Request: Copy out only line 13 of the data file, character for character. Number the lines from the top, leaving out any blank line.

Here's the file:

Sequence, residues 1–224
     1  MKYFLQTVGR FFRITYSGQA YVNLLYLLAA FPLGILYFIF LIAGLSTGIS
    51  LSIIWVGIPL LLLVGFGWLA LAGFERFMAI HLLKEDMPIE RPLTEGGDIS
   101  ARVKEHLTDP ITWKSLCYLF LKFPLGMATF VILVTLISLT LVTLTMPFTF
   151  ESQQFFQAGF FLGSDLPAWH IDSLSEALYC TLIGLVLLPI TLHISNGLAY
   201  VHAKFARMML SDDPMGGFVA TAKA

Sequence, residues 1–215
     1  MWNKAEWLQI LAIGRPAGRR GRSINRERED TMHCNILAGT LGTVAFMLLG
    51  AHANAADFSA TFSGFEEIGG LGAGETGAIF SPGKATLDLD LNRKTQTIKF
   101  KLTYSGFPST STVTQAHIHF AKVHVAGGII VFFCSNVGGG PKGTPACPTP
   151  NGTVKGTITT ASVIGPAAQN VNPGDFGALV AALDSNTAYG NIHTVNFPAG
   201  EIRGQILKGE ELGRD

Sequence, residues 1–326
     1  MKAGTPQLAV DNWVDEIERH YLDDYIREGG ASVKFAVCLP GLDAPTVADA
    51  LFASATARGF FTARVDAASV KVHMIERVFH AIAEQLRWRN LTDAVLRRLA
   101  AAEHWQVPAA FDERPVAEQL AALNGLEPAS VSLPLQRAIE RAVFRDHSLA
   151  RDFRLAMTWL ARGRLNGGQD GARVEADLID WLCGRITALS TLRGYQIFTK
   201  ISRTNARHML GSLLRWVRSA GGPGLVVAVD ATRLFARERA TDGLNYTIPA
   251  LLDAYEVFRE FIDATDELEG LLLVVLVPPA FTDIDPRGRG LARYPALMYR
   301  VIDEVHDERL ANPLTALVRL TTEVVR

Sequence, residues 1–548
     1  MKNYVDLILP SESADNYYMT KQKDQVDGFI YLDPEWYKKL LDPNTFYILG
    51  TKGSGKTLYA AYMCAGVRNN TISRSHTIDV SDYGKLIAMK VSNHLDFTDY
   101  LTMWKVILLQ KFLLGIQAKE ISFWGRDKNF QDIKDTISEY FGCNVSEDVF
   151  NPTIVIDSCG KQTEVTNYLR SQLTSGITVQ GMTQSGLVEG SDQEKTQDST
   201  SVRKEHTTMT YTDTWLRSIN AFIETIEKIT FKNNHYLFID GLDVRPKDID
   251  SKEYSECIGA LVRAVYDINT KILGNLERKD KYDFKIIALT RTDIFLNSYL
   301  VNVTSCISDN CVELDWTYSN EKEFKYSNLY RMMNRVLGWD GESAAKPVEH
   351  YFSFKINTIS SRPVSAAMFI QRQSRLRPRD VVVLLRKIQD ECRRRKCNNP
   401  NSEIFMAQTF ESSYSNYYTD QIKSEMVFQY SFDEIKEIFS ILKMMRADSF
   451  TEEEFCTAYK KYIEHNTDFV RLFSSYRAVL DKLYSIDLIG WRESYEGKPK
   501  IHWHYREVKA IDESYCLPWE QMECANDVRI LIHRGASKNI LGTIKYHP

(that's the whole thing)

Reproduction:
Sequence, residues 1–326